Tesla's biggest net loss helps meet production target

Tesla's biggest net loss helps meet production target

Just as importantly for investors, he's acting more like a real CEO.

Tesla ended the second quarter with $2.78 billion in cash after spending $610 million in capital expenses.

In the previous quarter, Musk called questions posed by two analysts "boring" and "boneheaded", and refused to answer them.

Bulls are betting the results and the contrition mark a turning point both for Tesla and its chief executive officer.

"After three quarters where investors have been in the dark with respect to estimating Model 3 volumes and margins, Q2 felt like there might finally be some light at the end of the tunnel", Evercore analysts wrote. The call triggered a stock sell-off and raised questions about Musk's behaviour. "His actions on the call were a powerful statement that he's capable of channeling his energy for the good of the company, and it removes a central concern of Tesla supporters".

Telsa's shares jumped 9.3 per cent to $US328.85 in after-hours trading.

It comes after Musk announced classic Atari games would be coming to Tesla's V9.0 software release in four weeks. Analysts polled by FactSet expected a $US2.88 loss per share.

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Free cash flow, a key metric of financial health, narrowed to negative $740 million in the second quarter from negative $1 billion in the first quarter, excluding solar business costs.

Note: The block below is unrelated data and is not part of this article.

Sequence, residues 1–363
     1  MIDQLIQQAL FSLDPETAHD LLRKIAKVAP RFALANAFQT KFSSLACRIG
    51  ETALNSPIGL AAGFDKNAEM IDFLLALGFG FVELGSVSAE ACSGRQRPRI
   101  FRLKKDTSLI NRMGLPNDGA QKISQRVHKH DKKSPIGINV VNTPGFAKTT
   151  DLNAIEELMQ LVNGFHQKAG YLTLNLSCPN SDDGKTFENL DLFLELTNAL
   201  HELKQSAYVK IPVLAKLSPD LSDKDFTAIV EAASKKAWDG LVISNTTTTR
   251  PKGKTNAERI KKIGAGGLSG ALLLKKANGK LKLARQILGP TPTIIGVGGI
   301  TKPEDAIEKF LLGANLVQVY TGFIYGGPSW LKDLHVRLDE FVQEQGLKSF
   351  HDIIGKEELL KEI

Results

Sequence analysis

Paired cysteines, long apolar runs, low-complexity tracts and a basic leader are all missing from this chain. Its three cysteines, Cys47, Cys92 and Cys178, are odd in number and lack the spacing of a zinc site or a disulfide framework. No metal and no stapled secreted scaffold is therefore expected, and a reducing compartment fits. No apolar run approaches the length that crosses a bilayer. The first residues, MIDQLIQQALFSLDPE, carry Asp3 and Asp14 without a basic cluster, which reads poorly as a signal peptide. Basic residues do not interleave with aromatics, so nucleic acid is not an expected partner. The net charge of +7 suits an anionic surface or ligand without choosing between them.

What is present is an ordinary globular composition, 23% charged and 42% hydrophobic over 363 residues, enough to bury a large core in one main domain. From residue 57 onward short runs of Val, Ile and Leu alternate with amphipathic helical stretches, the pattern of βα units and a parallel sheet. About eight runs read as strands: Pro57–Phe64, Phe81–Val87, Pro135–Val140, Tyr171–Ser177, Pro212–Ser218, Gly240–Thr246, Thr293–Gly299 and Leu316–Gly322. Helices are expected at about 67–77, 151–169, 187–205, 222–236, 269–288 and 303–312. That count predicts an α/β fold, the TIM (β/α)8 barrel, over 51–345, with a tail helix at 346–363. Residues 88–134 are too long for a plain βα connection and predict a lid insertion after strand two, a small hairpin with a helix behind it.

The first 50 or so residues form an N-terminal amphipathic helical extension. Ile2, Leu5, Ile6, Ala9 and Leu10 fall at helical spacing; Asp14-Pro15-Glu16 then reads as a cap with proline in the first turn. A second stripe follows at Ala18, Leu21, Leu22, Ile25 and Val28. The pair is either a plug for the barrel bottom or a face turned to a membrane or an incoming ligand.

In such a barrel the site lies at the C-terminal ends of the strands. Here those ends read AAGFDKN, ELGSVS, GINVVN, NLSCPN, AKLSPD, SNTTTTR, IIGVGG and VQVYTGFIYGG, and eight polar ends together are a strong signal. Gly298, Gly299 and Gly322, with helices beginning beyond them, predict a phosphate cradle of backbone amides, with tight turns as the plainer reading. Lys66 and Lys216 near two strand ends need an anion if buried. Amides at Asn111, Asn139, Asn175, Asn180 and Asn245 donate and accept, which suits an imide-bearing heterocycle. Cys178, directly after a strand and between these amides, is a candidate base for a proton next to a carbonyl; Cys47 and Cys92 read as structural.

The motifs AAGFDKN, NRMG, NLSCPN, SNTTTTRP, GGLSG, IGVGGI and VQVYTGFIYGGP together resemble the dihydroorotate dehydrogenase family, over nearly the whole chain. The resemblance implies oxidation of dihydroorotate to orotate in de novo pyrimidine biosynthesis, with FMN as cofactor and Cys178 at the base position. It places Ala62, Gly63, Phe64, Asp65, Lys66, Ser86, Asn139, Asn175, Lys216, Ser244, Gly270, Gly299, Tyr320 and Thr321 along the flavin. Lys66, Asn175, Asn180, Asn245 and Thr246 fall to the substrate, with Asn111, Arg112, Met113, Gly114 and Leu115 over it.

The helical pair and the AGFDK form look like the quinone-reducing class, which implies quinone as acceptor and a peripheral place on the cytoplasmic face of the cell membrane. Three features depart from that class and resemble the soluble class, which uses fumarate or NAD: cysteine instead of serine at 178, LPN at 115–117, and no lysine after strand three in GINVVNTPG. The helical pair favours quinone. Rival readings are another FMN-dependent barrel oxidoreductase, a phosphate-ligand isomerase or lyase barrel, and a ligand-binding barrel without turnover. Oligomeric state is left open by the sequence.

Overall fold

The company's revenue grew for the sixth straight quarter, mainly thanks to sales of the Model 3. "I'm more concerned about quality issues and service issues", Kudla said. "Perhaps it reflects a more cautious Elon Musk". That's substantially less than the 2017 level of $3.4 billion. But analysts suggest that Tesla might run out of cash if it doesn't do a bigger capital raise.

"We like the more muted tone of the company's outlook, with the absence of unnecessary new stretch goals", said CFRA analyst Efraim Levy.

Tesla ended June with about $2.2 billion in cash, the least it's carried since the first quarter of 2016.

Musk, the eccentric billionaire, has been a lightning rod for controversies. Tesla says it's on track to produce 100,000 Model S and X cars this year.

Tesla spent millions as it reached a goal of producing 5000 Model 3 sedans per week by the end of June. He also said that production efficiencies should rise as more Model 3s are built, and he said that he expects to make to around 750,000 vehicles in calendar year 2020. Tesla is renewing the target even as Musk and Ahuja tout having "significantly cut back" on spending projections. That said, Tesla is making headway too.

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